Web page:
I understand the need for students leaving college to have interpersonal skills. As a professional working in the field for which I am currently pursuing my degree, I've been able to climb the ladder and get ahead of those who've completed their studies in part due to my ability to communicate ideas effectively. These are for the most part skills that I've attained through personal pursuit rather than traditional schooling.

I brushed upon it before, but the process of taking a course from the physical realm to the network involves a bit of translation. Like any transformed work there are trade offs involved. Consider the following two continuum:

Interpersonal interactions(traditional) ---- Independent Works Skills(online)
Instructor/peer face time(traditional) ---- Greater course accessibility(online)

With online course work, you trade off interpersonal interactions and instructor face time for enhancing one's independent works skills and greater course accessibility. I've developed a higher level of independent abilities because of the time that I've spent pursuing coursework without the classroom time. I was able to get within a few credits of acheiving my degree while attending to other life requirements because of the accessibility of online schooling. If you adjust the way courses are translated and have hangout discussions you are moving the needle on both of the gauges. You get back more of the interpersonal interactions at the expense of a minor amount of independent work skills. However to get that face time you are most likely going to have to place in time requirements, and for that you will pay a price in course accessibility.  This isn't to say that making such a change wouldn't be worthwhile, just that it wouldn't come without cost.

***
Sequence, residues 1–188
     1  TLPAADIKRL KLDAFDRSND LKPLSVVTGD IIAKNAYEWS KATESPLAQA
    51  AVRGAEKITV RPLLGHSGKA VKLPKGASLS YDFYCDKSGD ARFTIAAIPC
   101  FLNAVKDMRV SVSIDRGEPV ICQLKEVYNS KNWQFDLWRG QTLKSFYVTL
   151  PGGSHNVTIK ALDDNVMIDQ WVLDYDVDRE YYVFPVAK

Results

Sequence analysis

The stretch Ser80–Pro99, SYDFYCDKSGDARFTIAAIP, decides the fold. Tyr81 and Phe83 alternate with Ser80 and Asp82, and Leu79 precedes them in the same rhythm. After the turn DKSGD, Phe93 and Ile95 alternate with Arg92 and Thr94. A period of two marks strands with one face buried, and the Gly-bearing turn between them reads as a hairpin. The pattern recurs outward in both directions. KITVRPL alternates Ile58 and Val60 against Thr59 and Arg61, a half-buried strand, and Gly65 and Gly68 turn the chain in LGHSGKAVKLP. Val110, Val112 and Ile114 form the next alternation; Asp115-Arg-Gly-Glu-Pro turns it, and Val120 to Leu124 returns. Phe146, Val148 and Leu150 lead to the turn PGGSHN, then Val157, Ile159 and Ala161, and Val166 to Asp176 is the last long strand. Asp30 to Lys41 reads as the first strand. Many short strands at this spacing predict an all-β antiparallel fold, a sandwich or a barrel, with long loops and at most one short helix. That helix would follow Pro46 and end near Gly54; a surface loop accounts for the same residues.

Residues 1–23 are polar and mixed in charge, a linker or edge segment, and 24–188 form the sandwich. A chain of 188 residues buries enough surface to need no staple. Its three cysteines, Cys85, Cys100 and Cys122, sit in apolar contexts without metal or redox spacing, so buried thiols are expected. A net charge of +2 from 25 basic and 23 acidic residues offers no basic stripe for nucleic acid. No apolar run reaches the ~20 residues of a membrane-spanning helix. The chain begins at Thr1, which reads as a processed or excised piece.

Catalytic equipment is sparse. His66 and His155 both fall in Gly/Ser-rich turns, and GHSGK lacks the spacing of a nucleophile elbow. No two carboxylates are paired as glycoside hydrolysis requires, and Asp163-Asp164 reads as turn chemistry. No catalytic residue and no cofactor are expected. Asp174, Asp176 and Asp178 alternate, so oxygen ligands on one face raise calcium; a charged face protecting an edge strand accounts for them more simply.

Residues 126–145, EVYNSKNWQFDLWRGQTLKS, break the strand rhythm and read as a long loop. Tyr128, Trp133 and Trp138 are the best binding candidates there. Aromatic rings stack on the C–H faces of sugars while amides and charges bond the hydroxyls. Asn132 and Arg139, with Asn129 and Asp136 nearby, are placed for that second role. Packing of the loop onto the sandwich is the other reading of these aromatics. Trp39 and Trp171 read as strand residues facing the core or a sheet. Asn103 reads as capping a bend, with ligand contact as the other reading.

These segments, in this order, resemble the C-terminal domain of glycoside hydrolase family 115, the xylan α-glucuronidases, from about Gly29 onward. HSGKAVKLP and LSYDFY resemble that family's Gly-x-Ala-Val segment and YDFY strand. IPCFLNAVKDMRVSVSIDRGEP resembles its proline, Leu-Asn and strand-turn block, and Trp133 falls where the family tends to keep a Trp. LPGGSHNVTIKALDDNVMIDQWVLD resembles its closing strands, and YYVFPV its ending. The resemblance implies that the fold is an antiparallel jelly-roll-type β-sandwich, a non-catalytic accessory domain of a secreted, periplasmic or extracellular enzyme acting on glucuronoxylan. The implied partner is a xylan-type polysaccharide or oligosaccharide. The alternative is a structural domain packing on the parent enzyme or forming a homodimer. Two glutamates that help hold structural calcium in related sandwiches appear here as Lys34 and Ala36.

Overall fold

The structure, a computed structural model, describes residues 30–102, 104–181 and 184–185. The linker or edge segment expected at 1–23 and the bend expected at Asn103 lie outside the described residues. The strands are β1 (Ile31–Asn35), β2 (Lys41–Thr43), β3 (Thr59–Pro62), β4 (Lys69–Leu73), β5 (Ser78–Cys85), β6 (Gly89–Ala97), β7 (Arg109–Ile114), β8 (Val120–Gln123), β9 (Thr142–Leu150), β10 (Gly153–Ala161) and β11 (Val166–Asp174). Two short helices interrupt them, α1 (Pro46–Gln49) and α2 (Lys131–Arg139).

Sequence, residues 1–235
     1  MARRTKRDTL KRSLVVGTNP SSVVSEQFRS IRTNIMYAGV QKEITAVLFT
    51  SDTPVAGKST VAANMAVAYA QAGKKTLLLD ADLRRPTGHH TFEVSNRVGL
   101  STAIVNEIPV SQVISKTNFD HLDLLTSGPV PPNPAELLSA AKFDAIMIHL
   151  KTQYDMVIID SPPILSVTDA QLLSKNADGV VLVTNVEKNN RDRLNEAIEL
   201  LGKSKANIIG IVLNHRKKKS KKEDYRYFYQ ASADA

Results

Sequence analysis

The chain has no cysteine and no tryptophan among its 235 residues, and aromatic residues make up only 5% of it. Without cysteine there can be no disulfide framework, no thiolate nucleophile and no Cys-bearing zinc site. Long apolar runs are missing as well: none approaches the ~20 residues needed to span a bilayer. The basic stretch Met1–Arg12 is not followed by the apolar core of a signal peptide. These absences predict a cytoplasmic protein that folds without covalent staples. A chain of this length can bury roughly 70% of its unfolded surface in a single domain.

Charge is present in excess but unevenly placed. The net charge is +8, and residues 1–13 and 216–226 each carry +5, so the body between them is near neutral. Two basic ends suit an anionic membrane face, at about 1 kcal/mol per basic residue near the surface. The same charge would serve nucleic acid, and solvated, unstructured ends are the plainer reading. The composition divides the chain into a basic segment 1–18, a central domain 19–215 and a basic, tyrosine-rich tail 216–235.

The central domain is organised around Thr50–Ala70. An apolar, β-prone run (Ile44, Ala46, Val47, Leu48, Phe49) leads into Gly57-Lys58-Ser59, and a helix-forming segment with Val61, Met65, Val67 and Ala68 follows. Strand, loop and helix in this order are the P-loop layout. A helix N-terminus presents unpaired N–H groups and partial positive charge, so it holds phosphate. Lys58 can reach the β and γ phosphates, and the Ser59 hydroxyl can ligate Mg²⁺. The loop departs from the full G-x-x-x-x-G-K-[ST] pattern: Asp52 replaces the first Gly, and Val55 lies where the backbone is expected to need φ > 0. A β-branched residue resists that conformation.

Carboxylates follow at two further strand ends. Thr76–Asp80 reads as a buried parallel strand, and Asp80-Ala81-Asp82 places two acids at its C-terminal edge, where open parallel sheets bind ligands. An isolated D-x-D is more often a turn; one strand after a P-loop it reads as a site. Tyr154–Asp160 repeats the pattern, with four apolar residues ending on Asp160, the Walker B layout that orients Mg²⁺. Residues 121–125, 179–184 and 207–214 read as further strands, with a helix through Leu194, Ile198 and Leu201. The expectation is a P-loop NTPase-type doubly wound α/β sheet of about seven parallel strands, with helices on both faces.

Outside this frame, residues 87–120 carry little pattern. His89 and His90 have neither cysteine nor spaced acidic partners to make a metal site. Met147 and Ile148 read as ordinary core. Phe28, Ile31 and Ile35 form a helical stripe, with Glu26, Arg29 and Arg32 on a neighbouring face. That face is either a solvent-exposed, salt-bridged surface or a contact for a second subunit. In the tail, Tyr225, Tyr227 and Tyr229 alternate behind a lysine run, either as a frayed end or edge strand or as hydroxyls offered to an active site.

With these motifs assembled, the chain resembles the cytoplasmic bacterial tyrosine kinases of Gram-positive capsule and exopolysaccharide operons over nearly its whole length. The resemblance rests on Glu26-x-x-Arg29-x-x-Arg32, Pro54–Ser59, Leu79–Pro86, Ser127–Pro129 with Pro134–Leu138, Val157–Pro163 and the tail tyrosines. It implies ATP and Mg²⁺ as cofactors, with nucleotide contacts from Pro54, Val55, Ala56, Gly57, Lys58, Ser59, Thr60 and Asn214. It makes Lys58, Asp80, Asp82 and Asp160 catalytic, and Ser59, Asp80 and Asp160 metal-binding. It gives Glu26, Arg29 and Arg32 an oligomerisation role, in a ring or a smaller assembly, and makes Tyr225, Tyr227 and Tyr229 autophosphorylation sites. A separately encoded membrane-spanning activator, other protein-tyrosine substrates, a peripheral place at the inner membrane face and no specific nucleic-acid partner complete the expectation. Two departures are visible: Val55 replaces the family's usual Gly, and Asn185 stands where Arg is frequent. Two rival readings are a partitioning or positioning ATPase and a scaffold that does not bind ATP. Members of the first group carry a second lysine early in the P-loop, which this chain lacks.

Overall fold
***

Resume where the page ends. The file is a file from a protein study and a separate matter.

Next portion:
No matter what avenue a student uses to pursue a degree there are going to be skill and knowledge gaps when that student graduates. It will be up to the student to choose if and how to round their experiences through continued or supplementary educational opportunities. The challenges are different for online or traditional students, but that fact remains that a student should not consider themselves done with their education simply because they've attained a degree.

Thank you very much for having this discussion.

Thursday, August 22, 2013

A Student's Perspective Regarding the Quality of Online College Coursework.

The following is a response to Zuleyka Zevallos's post on Google+.  Because of length and potential benefit beyond the G+ discussion I chose to post here rather than comment.

As a student who's about to finish a degree cobbled together between in person and online classes, I can say that not all online classes are equal, or even close.  I've had painfully difficult online courses that taught me little and easy ones that have taught me much.  And every color in between.  It depends on a number of factors.